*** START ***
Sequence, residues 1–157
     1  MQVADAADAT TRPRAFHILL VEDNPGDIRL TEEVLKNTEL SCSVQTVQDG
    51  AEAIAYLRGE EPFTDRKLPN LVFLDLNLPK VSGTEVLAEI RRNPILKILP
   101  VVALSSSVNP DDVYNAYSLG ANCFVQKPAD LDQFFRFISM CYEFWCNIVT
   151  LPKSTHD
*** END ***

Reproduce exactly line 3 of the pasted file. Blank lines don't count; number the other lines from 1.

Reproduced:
    51  AEAIAYLRGE EPFTDRKLPN LVFLDLNLPK VSGTEVLAEI RRNPILKILP